You swear that you’re not just copying TED.
You love hearing the stories behind the inspiration and would gleefully watch interesting people debate controversial topics.
You want delegates to meet their global health heroes and even have the chance to be mentored by them.
You design the academic themes around the lofty ideals of Change Your World, Change Your Community, and Change Your Focus, and wonder if delegates might even change themselves.
You search for speakers that deliver electrifying talks and not the typical university lectures you fall asleep in.
You nearly cry when you see the plenary hall.

GHC venue:  Sydney Masonic CentreYou send speaker invitations a year out from the conference.
You start with your dream speakers, delicately crafting an invitation that describes how dearly you want Atul Gawande to speak at the conference.
You also dream that he may even adopt you.
You spend nights searching for those elusive speaker contact details.
You pray you don’t come across as creepy when you direct message them on twitter.
You cope with speaker rejection through eating neapolitan ice cream and listening to Adele in the shower.
You rejoice in small victories when your childhood hero David Attenborough pens an eloquent rejection letter.
David Attenborough Letter

You debate with the GHC Academic Team why Giant Toilets, Bean Bags and Whiteboards are essential to the academic program.
You catch up on the latest team gossip and engage in fun, frivolity and feasting upon Gelato Messina in your fortnightly GHC Committee Meetings.
You gasp when you find out that the whole GHC program has carbon offsets.
You wonder how many other student run conferences are as sustainable as GHC.
You resort to Skype and Google Hangouts with your team in order to fill the lonely nights studying.
GHC team meeting

You talk to your academic co-convenor more than your parents.
You have to stop yourself from telling people about the plans for social, but know that they’re nothing like GHC has had before.
You admire the concept of the opening night Pink Party and having the audacity to donate ALL proceeds to the most effective charities in the world.
You keep silent about Saturday Night’s socials big surprise.
You dance the night away at the GHC Team Mixer overlooking Sydney Harbour knowing that you’ll be returning back here for the Nuit Blanche, the Tuesday Gala Night at the Museum of Contemporary Art.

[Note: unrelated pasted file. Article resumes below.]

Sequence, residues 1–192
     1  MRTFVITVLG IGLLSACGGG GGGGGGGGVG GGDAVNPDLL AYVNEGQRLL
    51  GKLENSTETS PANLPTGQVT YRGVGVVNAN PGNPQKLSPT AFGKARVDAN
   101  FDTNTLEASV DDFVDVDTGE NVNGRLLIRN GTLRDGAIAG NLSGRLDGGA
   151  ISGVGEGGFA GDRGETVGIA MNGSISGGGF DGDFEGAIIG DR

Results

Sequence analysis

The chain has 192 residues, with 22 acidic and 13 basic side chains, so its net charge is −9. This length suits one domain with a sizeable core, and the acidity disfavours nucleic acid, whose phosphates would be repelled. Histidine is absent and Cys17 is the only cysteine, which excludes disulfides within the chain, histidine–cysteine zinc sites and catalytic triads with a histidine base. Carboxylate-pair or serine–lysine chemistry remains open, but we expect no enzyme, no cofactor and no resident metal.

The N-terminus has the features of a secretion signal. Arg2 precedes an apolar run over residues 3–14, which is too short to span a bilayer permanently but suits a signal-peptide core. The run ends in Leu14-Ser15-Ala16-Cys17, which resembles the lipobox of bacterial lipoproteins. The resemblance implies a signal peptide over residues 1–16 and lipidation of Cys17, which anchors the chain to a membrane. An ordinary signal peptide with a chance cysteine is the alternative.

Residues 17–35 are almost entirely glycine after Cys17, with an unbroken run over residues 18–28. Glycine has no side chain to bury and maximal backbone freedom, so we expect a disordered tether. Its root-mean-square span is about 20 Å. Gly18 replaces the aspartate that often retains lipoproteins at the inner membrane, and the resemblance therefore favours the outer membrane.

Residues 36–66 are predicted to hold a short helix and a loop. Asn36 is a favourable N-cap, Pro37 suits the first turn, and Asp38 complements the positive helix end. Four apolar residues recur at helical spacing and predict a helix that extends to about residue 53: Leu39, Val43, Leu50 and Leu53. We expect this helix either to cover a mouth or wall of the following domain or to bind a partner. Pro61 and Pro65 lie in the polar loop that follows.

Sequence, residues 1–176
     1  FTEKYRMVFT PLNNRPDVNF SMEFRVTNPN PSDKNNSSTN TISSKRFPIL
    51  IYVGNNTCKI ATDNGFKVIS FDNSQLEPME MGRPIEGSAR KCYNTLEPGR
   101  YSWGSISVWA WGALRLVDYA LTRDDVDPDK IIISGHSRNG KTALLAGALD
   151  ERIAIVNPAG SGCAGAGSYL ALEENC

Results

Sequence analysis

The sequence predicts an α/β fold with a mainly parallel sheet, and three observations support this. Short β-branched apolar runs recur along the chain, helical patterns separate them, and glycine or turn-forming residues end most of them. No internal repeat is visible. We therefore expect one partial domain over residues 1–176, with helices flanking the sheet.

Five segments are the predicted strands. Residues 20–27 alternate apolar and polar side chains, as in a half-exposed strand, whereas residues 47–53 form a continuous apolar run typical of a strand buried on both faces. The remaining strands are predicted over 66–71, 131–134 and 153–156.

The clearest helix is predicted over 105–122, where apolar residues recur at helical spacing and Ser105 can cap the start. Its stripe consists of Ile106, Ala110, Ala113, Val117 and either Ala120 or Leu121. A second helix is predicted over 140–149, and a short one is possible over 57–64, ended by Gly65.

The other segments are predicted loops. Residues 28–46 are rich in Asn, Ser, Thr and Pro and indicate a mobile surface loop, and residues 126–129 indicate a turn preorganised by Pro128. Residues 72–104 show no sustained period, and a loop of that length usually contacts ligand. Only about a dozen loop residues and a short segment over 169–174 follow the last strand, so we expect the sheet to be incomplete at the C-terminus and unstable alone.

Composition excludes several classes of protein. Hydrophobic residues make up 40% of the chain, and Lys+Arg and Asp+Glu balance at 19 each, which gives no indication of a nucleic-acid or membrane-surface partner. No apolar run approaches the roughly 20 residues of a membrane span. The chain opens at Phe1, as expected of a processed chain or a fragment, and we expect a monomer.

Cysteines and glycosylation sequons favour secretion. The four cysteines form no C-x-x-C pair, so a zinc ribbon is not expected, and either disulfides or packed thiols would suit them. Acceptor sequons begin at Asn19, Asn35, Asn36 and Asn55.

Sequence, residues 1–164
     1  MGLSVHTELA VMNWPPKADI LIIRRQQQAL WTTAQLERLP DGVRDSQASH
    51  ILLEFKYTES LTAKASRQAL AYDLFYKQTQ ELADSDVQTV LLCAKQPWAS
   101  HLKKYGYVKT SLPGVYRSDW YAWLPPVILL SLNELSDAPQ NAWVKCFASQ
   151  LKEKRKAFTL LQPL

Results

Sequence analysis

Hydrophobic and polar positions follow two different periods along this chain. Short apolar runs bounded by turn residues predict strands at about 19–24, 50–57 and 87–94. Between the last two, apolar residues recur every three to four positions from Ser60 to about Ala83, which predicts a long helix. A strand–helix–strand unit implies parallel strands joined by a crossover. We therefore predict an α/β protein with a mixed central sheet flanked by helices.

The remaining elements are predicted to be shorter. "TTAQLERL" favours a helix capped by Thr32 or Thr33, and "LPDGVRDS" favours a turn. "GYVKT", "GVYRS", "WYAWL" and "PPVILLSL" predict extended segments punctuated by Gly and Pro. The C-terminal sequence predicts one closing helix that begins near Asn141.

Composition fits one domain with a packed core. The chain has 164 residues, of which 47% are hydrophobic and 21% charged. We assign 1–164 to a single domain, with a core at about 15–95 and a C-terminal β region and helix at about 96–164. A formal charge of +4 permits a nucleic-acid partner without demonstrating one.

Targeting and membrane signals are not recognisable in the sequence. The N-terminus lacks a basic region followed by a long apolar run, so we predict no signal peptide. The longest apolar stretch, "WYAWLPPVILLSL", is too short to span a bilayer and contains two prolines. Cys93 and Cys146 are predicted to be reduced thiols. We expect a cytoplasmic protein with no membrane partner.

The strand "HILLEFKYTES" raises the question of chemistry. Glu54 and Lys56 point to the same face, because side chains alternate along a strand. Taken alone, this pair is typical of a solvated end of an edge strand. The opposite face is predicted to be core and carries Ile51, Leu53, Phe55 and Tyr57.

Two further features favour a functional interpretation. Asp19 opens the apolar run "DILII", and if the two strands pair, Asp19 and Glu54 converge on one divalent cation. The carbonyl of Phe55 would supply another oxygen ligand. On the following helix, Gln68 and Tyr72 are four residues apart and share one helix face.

You realise that it’s less than 100 days until the start of GHC.

GHC team

You get butterflies just imagining the star line-up of speakers talking at GHC2014.
You contemplate reaching the heights of Australian Doctor Rowan Gillies, the youngest ever International President of MSF and part of the first cohort of Harvard Global Health Surgical Fellows.
You predict TedXSydney star Stella Young will present the most memorable talk at an AMSA event in years.
You might ask Nobel Prize Laureate and Past East Timor President Jose Ramos-Horta to take a selfie with you.
You are secretly relieved that only medical students can attend GHC after your mum asks if she can attend.
You look forward to the 5th of June, a special day indeed.
You smile at the thought of delegates regaling family and friends of stories from GHC, telling about how memorable it was.
You discover that GHC is missing one thing.


GHC rego

Children in Immigration Detention – AMSA Submission

Today, AMSA made a submission to the Australian Human Rights Commission Inquiry into children in detention.

This is a snapshot of the submission:
AMSA is opposed to the indefinite mandatory detention and offshore processing of any individual, but particularly children. This is due to the clear causal association between mental illness and immigration detention, which is amplified in children because of their developmental stage. AMSA recommends that the Australian Government acts immediately to remove children from places of immigration detention, both onshore and offshore, and move children and families to community housing. Until such a time when this is possible, AMSA calls for an increase in health, educational and developmental services and opportunities such that the adverse mental health impacts of immigration detention are minimised.

As part of this submission, AMSA asked for personal submissions from medical students with experience and expertise in this area. Thank you to all those medical students who provided a personal submission.

The whole submission may be viewed here.